Weight-loss diets can impact the brain negatively (e.g., disrupt synthesis of neurotransmitters, alter brain chemistry, decrease intelligence, trigger mental processing problems). Avoid all crash diets (e.g., less than 1000 calories per day) or rapid weight-loss diets. You can shed smarts as well as pounds if you’re not careful. (Greenwood-Robinson, Maggie, PhD. 20/20 Thinking. NY: Avery, Putnam Special Markets, 2003, pp 185-194)

When you diet the body thinks its starving and becomes more efficient at holding onto the calories you ingest and stingier at giving them up for exercise. You may lose some weight initially, but your body has been “reprogrammed,” when you stop dieting you will gain your weight back faster and eventually go up to a higher weight than before. (Bost, Brent W., MD, FACOG. Hurried Woman Syndrome. NY: Vantage Press, 2001, p 84)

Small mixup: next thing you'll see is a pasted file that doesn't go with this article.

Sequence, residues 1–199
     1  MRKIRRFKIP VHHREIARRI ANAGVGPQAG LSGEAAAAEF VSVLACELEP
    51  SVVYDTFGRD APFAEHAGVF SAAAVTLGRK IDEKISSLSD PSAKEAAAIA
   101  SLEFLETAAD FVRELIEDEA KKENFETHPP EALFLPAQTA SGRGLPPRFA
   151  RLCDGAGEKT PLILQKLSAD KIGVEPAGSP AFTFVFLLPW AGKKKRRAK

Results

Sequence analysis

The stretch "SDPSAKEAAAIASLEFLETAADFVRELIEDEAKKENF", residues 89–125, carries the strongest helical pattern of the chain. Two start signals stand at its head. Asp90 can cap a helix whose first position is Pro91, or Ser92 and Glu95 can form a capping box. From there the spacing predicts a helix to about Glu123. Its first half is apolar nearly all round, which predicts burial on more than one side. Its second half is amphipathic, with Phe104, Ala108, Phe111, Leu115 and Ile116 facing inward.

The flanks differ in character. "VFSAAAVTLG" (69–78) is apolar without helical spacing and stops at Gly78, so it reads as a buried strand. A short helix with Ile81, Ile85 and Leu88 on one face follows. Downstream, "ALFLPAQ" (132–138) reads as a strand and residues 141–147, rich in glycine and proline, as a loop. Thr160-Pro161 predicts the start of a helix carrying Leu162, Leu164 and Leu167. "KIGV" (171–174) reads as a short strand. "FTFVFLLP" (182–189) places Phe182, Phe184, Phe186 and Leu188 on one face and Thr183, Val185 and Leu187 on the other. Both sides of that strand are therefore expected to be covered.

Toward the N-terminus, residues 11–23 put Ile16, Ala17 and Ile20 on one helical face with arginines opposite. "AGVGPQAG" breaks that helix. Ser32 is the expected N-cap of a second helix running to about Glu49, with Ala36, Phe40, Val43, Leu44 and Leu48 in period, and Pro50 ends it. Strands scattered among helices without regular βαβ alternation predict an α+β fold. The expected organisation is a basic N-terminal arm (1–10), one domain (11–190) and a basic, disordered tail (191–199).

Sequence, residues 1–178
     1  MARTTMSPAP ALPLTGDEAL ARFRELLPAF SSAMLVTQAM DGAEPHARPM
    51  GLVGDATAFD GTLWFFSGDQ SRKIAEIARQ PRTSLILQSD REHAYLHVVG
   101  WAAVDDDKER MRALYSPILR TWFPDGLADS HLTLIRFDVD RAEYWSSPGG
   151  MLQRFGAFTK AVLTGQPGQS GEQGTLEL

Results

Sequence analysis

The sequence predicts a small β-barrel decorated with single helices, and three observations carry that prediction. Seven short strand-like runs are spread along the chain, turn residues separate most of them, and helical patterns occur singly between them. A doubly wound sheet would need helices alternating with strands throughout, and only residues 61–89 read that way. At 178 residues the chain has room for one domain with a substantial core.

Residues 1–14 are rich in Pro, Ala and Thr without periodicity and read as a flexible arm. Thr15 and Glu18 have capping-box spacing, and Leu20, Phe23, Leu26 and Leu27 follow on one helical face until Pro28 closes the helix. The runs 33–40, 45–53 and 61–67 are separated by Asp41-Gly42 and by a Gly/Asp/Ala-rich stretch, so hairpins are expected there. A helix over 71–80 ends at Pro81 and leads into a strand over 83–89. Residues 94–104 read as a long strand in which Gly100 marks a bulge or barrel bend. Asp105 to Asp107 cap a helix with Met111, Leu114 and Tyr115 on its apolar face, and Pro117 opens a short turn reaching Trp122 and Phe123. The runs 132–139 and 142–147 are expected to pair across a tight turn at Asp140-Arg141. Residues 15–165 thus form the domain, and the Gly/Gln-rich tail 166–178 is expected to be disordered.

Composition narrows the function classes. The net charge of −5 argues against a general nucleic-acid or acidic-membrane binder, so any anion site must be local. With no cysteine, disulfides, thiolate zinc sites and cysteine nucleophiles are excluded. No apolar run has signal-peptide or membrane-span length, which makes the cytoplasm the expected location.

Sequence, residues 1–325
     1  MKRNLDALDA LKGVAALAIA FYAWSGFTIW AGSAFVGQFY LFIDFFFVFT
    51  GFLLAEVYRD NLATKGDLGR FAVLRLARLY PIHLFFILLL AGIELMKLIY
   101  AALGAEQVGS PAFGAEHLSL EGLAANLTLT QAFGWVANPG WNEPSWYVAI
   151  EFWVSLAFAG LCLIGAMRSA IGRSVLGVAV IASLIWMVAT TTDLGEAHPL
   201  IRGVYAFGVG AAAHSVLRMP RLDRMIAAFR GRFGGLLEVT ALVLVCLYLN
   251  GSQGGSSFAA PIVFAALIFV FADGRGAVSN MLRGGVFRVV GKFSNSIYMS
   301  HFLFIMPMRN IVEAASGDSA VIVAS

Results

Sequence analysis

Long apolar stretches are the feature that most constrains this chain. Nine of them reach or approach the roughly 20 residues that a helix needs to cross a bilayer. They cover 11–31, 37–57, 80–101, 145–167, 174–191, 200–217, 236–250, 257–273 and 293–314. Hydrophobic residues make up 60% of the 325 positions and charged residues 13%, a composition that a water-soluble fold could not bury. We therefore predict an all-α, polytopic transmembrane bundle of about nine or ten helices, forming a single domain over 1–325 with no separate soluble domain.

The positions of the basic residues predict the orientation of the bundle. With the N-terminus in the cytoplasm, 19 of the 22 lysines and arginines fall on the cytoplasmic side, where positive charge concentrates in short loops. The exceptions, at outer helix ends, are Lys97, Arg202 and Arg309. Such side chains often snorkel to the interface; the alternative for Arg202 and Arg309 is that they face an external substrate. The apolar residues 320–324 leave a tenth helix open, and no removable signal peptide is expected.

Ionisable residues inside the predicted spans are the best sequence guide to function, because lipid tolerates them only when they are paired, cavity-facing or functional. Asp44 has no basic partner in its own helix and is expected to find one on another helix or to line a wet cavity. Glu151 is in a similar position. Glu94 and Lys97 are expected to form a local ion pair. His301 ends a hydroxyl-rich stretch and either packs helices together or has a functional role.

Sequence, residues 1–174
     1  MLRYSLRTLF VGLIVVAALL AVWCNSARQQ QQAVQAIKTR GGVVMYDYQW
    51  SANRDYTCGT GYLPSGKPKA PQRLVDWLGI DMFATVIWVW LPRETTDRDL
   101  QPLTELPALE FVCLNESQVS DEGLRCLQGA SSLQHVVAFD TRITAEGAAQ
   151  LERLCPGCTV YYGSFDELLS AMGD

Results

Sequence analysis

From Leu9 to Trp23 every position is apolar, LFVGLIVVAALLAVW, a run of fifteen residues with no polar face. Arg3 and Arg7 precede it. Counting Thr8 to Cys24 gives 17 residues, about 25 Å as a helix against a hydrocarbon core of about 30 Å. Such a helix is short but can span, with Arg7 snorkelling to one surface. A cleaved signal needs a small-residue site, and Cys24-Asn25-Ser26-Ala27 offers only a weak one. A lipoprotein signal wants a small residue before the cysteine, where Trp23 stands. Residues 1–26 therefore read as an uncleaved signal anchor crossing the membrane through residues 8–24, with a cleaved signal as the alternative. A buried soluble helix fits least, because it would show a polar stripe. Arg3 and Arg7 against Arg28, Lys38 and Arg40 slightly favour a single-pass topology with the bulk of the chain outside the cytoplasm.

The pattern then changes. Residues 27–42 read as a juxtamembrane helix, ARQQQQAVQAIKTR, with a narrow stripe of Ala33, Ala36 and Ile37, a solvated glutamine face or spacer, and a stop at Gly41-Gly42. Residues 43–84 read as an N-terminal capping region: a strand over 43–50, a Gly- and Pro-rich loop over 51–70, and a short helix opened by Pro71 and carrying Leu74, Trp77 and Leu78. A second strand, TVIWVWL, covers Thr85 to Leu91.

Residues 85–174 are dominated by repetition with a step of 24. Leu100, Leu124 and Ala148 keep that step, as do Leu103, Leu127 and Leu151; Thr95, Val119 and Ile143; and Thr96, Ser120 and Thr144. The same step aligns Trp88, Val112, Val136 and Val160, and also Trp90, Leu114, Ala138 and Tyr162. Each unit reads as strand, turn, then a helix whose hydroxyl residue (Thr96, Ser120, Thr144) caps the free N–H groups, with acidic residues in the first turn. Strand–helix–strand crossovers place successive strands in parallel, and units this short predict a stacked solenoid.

Dieting starves the brain of serotonin. This can trigger a cycle of dieting and bingeing as there isn’t enough serotonin to signal satisfaction. (Brynie, Faith Hickman. 101 Questions Your Brain Has Asked About Itself But Couldn’t Answer, Until Now. CT: Millbrook Press, 1998, pp 38-43)